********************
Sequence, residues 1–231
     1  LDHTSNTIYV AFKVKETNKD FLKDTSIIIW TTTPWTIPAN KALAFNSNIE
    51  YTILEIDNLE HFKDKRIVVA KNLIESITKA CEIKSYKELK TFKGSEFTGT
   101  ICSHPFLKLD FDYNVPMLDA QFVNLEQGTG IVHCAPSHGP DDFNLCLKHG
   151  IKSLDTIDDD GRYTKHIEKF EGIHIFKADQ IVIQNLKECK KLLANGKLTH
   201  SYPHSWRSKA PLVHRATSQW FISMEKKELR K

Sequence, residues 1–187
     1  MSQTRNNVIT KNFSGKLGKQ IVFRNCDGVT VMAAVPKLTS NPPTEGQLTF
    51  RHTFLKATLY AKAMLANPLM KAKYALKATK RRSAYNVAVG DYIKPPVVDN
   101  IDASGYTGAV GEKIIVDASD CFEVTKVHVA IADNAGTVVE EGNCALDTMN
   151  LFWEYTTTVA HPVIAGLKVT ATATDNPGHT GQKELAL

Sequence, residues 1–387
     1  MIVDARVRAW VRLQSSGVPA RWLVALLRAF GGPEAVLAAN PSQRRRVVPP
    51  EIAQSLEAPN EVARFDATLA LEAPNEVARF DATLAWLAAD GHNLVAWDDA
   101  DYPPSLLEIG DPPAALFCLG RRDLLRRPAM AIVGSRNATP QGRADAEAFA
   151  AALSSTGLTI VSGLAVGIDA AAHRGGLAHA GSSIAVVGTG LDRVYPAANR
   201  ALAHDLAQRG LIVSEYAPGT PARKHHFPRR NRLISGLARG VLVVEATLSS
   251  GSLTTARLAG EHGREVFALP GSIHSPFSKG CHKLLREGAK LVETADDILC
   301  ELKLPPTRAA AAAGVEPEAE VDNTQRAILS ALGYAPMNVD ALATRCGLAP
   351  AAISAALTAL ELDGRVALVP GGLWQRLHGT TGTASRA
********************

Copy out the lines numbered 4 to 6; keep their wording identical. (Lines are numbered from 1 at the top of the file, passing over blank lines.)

   101  ICSHPFLKLD FDYNVPMLDA QFVNLEQGTG IVHCAPSHGP DDFNLCLKHG
   151  IKSLDTIDDD GRYTKHIEKF EGIHIFKADQ IVIQNLKECK KLLANGKLTH
   201  SYPHSWRSKA PLVHRATSQW FISMEKKELR K